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More cautions on nanoparticles

  September 29, 2008
A pair of studies show that we have a lot to learn about how nanoparticles affect people, animals and the environment.

One study shows that proteins and other biological molecules accumulate on drug delivery nanoparticles based on size and electrical charge as well as what the particles are made of. The proteins can interfere with the nanoparticles and have other health consequences. The results call for more studies and careful regulation.

The other study shows that buckyballs -- spherical molecules made of 60 carbon atoms -- are likely to accumulate in human and animal tissue. Buckyballs have a wide range of potential applications, including in consumer products, which means they could end up in people and the environment. On a positive note, the study shows that buckyballs also break down in light.

Research papers:
Nanoparticle Size and Surface Properties Determine the Protein Corona with Possible Implications for Biological Impacts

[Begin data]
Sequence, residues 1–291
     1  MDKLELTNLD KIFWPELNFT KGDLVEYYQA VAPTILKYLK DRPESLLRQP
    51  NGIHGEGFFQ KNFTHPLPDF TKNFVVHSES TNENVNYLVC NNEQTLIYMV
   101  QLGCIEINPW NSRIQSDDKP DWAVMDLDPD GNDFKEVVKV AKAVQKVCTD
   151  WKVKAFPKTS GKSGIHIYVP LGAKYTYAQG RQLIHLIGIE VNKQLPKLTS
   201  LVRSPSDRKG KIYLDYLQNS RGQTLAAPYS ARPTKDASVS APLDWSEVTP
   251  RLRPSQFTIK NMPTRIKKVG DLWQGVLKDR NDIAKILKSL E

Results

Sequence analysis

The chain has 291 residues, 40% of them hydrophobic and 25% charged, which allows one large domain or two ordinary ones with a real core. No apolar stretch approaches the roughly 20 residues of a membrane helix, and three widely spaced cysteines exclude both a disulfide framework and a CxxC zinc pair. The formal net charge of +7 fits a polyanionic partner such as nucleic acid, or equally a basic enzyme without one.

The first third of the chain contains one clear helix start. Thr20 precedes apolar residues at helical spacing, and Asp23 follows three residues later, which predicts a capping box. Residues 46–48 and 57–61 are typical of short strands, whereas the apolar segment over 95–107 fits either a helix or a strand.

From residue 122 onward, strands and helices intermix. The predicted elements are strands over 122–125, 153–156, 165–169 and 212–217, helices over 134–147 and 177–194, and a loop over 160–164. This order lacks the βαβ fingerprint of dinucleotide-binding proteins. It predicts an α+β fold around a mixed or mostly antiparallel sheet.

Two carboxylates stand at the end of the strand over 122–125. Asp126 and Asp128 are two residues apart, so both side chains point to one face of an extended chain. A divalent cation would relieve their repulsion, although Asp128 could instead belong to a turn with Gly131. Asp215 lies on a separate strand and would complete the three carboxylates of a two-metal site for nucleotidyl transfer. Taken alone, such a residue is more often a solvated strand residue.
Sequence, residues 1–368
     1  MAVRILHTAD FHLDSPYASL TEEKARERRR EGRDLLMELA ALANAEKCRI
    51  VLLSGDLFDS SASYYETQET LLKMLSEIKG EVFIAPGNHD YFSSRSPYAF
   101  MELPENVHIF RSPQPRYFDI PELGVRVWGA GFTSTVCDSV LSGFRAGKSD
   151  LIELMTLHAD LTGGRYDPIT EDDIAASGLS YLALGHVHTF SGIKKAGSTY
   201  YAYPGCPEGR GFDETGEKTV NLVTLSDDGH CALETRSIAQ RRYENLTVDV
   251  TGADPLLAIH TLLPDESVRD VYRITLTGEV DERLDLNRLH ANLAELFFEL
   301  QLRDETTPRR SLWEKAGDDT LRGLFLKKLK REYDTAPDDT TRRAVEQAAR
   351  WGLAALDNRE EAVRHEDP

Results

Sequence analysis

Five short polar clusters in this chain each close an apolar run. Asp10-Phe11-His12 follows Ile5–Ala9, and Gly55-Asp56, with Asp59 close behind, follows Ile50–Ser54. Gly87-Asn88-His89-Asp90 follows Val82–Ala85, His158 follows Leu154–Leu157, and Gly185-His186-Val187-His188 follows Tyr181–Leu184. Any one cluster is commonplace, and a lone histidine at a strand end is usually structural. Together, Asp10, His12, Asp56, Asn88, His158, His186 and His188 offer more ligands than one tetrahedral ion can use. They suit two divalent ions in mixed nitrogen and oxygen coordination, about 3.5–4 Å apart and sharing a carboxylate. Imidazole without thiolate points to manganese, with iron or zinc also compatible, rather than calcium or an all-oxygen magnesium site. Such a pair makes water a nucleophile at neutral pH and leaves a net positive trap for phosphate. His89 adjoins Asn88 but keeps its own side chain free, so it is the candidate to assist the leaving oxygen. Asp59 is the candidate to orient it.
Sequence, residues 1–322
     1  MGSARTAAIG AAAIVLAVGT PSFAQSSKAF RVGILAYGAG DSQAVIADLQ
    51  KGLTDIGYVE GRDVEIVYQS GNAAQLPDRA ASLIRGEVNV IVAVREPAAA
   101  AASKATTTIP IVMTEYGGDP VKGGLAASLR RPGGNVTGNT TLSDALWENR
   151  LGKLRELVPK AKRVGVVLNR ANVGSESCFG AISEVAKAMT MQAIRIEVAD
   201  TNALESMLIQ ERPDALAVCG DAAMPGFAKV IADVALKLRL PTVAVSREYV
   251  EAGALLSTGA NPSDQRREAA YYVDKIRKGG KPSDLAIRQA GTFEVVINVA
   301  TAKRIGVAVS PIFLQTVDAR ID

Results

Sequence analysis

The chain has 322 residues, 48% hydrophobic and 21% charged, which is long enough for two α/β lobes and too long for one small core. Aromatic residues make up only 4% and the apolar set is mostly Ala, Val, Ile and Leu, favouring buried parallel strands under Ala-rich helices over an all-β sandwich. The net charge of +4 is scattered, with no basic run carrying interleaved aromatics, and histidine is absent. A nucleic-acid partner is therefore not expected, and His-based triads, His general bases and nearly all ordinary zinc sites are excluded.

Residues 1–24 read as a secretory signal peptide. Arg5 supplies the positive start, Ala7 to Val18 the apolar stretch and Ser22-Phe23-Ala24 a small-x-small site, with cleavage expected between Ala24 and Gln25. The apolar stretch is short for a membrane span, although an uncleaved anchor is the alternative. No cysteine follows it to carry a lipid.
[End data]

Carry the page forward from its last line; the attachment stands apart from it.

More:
Proceedings of the National Academy of Sciences, September 23, 2008
Buckminsterfullerene’s (C60) Octanol-Water Partition Coefficient (Kow) and Aqueous Solubility
Environmental Science and Technology, August 15, 2008

Researchers' homepages:
Centre for BioNano Interactions
Chad Jafvert

Related stories and briefs:
Study Urges Nano Safety Rules -- related study
Nanotube-cancer concern -- related study
Dirty nanotech -- related study

Further info:
Nanotech surge -- study of the growing use of nanotechnology in consumer products

Back to TRN September 29/October 6, 2008

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